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German tax authorities publish FAQs on how to apply reporting obligations for digital platforms (DAC 7)

The guidance from the German tax authorities includes 16 pages and follows shortly after the DAC 7 implementation law entered into force on January 1, 2023.  

On 2 February 2023, the German tax authorities published a set of frequently asked questions (FAQs) regarding the reporting obligations for digital platform operators, which were implemented into domestic law in December 2022 under the Platform Tax Transparency Act and are based on Council Directive (EU) 2021/514 of 22 March 2021 amending Directive 2011/16/EU on administrative cooperation in the field of taxation (referred to as “DAC 7”). The rules are effective as from 1 January 2023.

The rules extend to digital platforms existing EU tax transparency rules governing the exchange of information and administrative cooperation between member states, and introduces an obligation for digital platform operators to collect and report information on income derived by sellers offering certain services through those platforms.

The FAQs (on 16 pages) provide guidance on the application of the rules by digital platform operators and certain definitions of technical terms used in the newly introduced law. The guidance follows the structure of the law and answers questions in the area of definitions, procedural provisions, reporting obligations, and due diligence obligations for digital platform operators. In addition, the guidance answers questions regarding information obligations of digital platform operators vis-à-vis its own users. Further information regarding the electronic data transfer (interface and data format) to the federal tax office will be communicated over the course of 2023, with the first data reporting by digital platform operators required by 31 January 2024.

The FAQs confirm that there is no exception from the general reporting obligations for internal group platforms. In addition, it is confirmed that in order to be exempt from the reporting obligations under the minimum threshold rules, both the transactional threshold of less than 30 transactions and the remuneration threshold of less than EUR 2,000 per reporting period have to be met. In order to determine the number of transactions, the number of legal transactions has to be taken into account and not the number of items sold.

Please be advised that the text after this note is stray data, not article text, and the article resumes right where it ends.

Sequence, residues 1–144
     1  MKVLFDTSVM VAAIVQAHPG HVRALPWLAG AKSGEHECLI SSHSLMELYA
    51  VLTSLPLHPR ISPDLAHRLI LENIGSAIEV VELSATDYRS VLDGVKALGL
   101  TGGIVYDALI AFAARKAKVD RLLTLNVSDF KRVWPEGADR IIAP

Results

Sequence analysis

Digital platform operators that are resident outside of the EU generally have a reporting obligation if they operate within the EU. This reporting obligation, however, does not apply if there is a qualified administrative assistance agreement in place with the country where the digital platform operator is resident, the digital platform operator is reporting the required information to the third-country tax authority, and the third-country tax authority is actually exchanging this information with the EU (“qualified third country”). The guidance from the tax authorities refers to the website of the federal tax office for a list of qualified third countries (however, the website does not yet show the list). There are several other references in the FAQs that refer to information on the website of the federal tax office (again, however, the website does not yet show such information).

The guidance from the tax authorities provides additional clarification for affected digital platform operators and is a welcome development. There still are open questions, and digital affected platform operators should monitor further information that will be provided by the tax authorities over the course of 2023. Although the first reporting for digital platform operators is not due until 2024, action should be taken now to ensure that the required data is readily available and the reporting process is implemented on time.

English translation: The German tax authorities on 31 March 2023 issued an English translation of the FAQ’s, the English version of the guidance can be found here.

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